We recommend using window inserts to cover and sound proof windows. In addition to helping soundproof your office, they also are great for thermal insulation. When customers install our Fantastic Frame window inserts in an entire office, they typically save about 40% on heating and cooling costs. Window inserts also are great around the house and often used in a soundproof home office.

How to Soundproof an Office (Open Floor Plan)

An open office design is meant to inspire collaboration and creativity, but that doesn’t mean you’re always trying to have a discussion with the guy at the other end of the floor. When soundproofing an open floor plan, there are no traditional walls to stop sound from traveling between spaces. Open floor plans are also much more likely to have reverb/echo issues due to the size of the open room. Every open office requires some level of acoustical treatments to control noise. Our goal when soundproofing an open office is to add as much acoustic material as possible as close to the sources of noise (usually people). We have 3 common approaches to get that acoustic material into the open office space:

  1. Install acoustic material on the ceiling or walls. For a dropped ceiling, this means acoustic ceiling tiles (PolyZorbe Ceiling Tiles). For other ceilings or walls, we'll use acoustic panels or ceiling baffles.
  2. Install acoustic material on the cubicles. The cubicle is the closest we can get to the people making the noise. We like to use tackable panels, like PolyZorbe or BlocknZorbe.
  3. Add hidden absorption into the space. We often get creative hiding budget-friendly absorption (CelluZorbe or EcoVerb Roll). We can make huge sound quality improvements in many open offices with no impact to the overall aesthetic!

Depending on the office design and setup, we may recommend a combination of these 3 approaches or just one. The recommended solution will depend on a combination of achieving the best sound control and the client's desired aesthetic in the space. Call, email, or chat with a Second Skin soundproofing professional to learn more!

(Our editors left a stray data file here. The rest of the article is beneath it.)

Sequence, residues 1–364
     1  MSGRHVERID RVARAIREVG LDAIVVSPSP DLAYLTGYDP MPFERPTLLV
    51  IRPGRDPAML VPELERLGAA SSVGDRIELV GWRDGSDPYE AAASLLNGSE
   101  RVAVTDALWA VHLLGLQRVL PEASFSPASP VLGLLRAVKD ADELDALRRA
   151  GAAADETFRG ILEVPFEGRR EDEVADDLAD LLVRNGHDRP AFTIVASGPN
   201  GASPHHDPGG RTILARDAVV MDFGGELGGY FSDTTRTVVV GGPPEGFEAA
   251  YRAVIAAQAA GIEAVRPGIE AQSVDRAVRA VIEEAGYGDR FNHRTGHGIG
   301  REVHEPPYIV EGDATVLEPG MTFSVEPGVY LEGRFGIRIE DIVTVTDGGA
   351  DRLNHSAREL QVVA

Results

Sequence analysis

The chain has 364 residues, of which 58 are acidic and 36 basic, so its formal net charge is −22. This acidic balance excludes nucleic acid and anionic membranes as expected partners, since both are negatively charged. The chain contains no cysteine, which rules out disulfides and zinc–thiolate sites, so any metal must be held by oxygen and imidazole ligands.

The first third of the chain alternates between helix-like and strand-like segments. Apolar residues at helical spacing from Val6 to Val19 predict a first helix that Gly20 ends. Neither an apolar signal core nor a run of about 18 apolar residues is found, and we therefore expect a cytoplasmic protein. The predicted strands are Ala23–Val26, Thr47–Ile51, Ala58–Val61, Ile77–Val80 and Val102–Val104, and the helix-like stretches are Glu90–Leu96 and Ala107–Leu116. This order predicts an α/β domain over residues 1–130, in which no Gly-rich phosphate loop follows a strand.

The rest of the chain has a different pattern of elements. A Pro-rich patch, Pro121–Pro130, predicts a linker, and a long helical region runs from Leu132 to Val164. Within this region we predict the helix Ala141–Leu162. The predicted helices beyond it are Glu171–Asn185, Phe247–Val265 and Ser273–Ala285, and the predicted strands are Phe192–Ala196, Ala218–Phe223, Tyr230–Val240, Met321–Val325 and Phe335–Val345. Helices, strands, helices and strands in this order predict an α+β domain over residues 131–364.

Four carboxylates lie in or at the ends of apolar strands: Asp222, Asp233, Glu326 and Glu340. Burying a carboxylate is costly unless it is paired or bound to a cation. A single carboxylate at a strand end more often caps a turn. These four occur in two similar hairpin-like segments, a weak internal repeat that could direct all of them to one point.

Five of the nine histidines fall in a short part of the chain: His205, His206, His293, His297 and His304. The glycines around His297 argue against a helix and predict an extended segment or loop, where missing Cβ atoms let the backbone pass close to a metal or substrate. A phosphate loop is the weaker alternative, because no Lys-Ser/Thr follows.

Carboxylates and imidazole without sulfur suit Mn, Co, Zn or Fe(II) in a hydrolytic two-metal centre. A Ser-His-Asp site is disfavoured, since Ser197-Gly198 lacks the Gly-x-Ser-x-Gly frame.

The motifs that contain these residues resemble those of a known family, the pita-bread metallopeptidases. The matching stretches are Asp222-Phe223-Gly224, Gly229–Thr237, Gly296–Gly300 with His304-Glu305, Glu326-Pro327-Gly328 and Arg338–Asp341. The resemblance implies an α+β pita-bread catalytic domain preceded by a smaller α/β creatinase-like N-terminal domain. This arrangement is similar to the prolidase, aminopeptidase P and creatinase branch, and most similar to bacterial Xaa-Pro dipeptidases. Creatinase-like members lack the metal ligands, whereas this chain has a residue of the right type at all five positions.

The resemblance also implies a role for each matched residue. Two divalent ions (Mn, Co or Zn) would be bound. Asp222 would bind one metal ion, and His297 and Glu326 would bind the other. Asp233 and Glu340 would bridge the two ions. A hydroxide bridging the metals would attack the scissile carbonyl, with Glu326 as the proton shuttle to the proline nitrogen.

office soundproofing with divider and acoustic clouds

Option 1: install acoustic material on the ceiling or wall

Big rooms have acoustical problems. Rooms with high ceilings have acoustical problems. Rooms with reflective surfaces (glass, concrete, metal) tend to have acoustical problems. All three of these factors are very common in the modern open office. If you don't have acoustical material as part of the open office design, we don't need to do an acoustical analysis to know you're going to have sound control issues.

Treating the ceiling is often an excellent option. You can add a huge amount of absorption to an office without impacting the overall aesthetic. In some cases, we'll enhance it! With a dropped ceiling, replacing standard ceiling tiles with an acoustic ceiling tile like PolyZorbe is an incredibly effective fix. For open ceilings, we can install acoustic panels or ceiling baffles. For drywall (ceiling or walls), we have a huge variety of acoustic panels we can use to improve the sound quality of the space. We have options ranging from the most budget-friendly to extremely high-end and decorative. Reach out to start a conversation with one of our professionals!

option 2: soundproofing the cubicles

There's a field of science called psychoacoustics. One thing we've learned in this field is that the louder someone perceives a space, the louder that person tends to talk. As people talk louder, the space gets louder, so people talk louder, so the space gets louder still... you see the problem here? By treating a cubicle with acoustical materials, we can reduce the amount of sound reflecting directly back to the speaker off the hard surfaces surrounding them. When less sound reflects to the speaker, they perceive the space as quieter and will then speak more softly. As people speak more softly, the space overall gets quieter. This positive feedback loop is important in dense cubicle environments where people are constantly speaking, like a call center.

We have a whole article on how to soundproof office cubicles if you want to go deeper on cubicle soundproofing. We go into more detail on partial height barriers, screens, optimal cubicle configuration, and more!  

option 3: add hidden absorption to the office

There are all sorts of places you can hide acoustical materials in an office. Acoustic material can be "hidden" under desks, chairs, and chairs, on top of cabinets, inside of cubicles, or behind design features. The key is that the sound absorbing material has a face that is exposed so that the sound in your open office can find it. Hidden absorption is an attractive option because it doesn't matter what it looks like. You can use extremely cost-effective, recycled acoustic materials and nobody will see where you've installed them!